PEBBLE BEACH, Calif. (AP) — The Latest on the U.S. Open (all times local):
Ernie Els is at the end of a U.S. Open career that began at Baltusrol in 1993, a month before Jordan Spieth was even born.
Els won the U.S. Open in 1994 at Oakmont and in 1997 at Congressional, and when his 10-year exemption ended, he played well enough to earn his spot in the field through a money list or world ranking until he won the 2012 British Open, earning a five-year exemption.
He is playing on a special exemption for the second straight year. It’s rare for players to get more than one special exemption.
Els has a good record at Pebble Beach, finishing runner-up in 2000 to Tiger Woods and finishing third in 2010. The runner-up finish is a little misleading because he finished 15 shots behind.
Els turns 50 in October. He realizes his time contending at the U.S. Open is probably over. He says, “I just want to have a great week in my own way.”
Brooks Koepka is going for a third straight U.S. Open title aware that the odds are stacked against him.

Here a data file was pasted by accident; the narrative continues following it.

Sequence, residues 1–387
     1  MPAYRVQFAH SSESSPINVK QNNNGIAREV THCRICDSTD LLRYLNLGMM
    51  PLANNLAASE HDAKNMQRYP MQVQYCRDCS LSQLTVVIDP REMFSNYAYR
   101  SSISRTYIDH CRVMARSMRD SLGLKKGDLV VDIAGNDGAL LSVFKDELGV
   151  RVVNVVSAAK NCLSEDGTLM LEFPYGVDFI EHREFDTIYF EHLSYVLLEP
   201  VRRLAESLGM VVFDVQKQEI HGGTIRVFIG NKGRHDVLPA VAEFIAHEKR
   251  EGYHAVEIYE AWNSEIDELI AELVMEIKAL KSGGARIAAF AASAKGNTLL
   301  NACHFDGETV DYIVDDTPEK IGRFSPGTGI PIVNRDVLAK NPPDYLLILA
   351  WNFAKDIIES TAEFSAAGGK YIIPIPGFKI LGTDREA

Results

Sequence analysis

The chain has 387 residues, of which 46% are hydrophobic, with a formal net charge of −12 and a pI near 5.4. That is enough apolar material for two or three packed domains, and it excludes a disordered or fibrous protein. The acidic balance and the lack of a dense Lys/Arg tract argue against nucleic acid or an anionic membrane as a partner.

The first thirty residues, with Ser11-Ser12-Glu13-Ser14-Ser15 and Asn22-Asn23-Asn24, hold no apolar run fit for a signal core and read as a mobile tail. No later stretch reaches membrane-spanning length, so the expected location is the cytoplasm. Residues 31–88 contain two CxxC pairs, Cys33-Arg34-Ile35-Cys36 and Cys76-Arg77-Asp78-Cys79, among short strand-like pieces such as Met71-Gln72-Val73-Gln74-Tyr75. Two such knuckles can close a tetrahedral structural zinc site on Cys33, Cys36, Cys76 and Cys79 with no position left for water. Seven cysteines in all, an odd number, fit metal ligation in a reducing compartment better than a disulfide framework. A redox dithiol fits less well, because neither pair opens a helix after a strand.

The only player to go back-to-back-to-back in golf’s toughest test was Willie Anderson in 1905.
Koepka doesn’t know much about Anderson. He pointed to more recent history when talking about his quest at Pebble Beach. It has been eight years since anyone has won the same tournament three straight times, much less a U.S. Open. That was Steve Stricker at the John Deere Classic.
Koepka also considered the field of players trying to stop him. One key figure is Dustin Johnson, who has won twice at the AT&T Pebble Beach Pro-Am and has finished no worse than third in three of the last four U.S. Opens.